Cases of pronouns

Cases of pronouns

English at first glance may seem like a complete mess for a person who is starting to learn it. Differences in various areas of grammar and vocabulary sometimes plunge into culture shock, which becomes very difficult to deal with. New parts of speech, non-existent cases or lack of gender - all this is about English. 

In English, only personal pronouns have cases. These are the nominative and object cases.

In this topic, cases are needed precisely in order to distinguish the subject from the object. 



The nominative, which can also be called subjective, is used to express the person who performs the action. In fact, we do not name anyone in particular, but only talk about gender and number. Nominative pronouns in a sentence are the subject. 

  • I do this every day, it’s very funny.  
  • We can sing and dance at the same time. 
  • You ask me what color to dye your hair, but I cannot decide.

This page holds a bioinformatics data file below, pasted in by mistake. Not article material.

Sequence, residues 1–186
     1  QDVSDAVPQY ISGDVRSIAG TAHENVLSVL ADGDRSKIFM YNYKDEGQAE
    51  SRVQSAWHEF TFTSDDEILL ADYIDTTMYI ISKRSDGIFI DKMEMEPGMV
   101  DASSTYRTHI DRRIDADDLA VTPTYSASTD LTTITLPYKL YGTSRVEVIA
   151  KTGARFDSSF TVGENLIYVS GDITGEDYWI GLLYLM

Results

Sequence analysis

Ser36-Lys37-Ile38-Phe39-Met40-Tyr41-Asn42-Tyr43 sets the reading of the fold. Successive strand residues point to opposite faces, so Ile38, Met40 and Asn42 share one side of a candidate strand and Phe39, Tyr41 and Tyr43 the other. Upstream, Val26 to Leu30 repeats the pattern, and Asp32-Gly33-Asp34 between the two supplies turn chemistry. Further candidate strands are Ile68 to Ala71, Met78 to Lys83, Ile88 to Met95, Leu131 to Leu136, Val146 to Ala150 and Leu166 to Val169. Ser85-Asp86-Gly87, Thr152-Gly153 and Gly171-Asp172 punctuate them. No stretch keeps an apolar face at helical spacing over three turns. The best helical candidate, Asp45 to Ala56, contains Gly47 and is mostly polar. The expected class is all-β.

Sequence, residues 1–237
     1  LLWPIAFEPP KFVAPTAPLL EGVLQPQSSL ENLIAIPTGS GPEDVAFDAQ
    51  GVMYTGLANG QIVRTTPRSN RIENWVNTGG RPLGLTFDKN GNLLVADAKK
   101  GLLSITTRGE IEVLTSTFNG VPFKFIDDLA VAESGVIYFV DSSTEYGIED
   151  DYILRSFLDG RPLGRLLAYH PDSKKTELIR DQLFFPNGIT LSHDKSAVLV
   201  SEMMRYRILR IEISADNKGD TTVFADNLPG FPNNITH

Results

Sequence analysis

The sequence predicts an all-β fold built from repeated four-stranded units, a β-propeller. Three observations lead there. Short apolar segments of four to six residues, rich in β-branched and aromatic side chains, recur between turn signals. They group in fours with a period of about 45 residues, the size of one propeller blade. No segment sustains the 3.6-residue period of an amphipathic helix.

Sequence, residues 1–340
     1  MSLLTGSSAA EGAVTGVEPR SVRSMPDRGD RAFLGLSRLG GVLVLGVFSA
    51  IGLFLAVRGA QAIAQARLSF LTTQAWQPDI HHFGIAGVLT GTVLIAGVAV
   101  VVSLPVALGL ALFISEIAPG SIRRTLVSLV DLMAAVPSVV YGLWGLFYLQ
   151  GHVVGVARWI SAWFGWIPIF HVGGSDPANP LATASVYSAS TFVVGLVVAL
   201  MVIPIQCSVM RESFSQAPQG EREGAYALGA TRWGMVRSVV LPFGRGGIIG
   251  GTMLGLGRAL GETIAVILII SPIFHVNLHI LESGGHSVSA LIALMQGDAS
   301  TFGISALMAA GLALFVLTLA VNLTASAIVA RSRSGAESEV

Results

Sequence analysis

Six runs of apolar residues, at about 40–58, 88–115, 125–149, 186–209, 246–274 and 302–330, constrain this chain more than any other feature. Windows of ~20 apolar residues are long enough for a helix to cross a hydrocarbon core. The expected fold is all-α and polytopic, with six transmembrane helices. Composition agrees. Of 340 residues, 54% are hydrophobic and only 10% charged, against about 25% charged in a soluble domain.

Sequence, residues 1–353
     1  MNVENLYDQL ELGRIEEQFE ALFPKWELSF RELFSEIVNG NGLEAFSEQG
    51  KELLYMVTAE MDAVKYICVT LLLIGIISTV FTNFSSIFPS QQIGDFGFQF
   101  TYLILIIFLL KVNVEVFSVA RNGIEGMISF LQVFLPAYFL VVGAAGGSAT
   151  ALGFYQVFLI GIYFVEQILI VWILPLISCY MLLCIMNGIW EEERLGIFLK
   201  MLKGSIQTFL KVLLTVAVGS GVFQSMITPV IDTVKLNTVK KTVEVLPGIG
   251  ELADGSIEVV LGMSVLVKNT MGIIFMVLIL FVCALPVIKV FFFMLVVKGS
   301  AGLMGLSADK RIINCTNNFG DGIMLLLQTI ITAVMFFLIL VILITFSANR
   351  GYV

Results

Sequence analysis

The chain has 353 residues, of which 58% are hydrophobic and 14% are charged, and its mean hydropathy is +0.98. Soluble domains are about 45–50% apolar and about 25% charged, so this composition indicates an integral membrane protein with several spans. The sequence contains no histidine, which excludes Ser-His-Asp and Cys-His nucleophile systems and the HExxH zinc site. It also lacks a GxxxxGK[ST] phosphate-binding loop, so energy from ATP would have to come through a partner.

• They sent me a letter a week ago, and I still didn’t get it.  
  • He has some problems with his sleep  
  • She always rushes home when she gets notification.  
  • It rained a lot yesterday so we stayed at home.  


Objective case  

Used if the action is directed to an object.

  • He saw me walking past the bus stop yesterday morning.  
  • I know you for ages.  
  • She invited us to the party she was going to have.  
  • We wanted to see them on Saturday to go to the cinema together.  
  • I asked him about the lesson we had before.  
  • They gave her a lift to the nearest station.  
  • He has been lying to him for a very long time.  
  • I met stay animal and made a home for it 


Important to remember 

A common mistake when studying pronouns is their confusion with possessive forms. Note that the two forms of these pronouns can be similar, and it is quite easy to confuse them, so it is better not just to remember them, but to practice distinguishing them in practice. 

Objective  case 

Possessive pronouns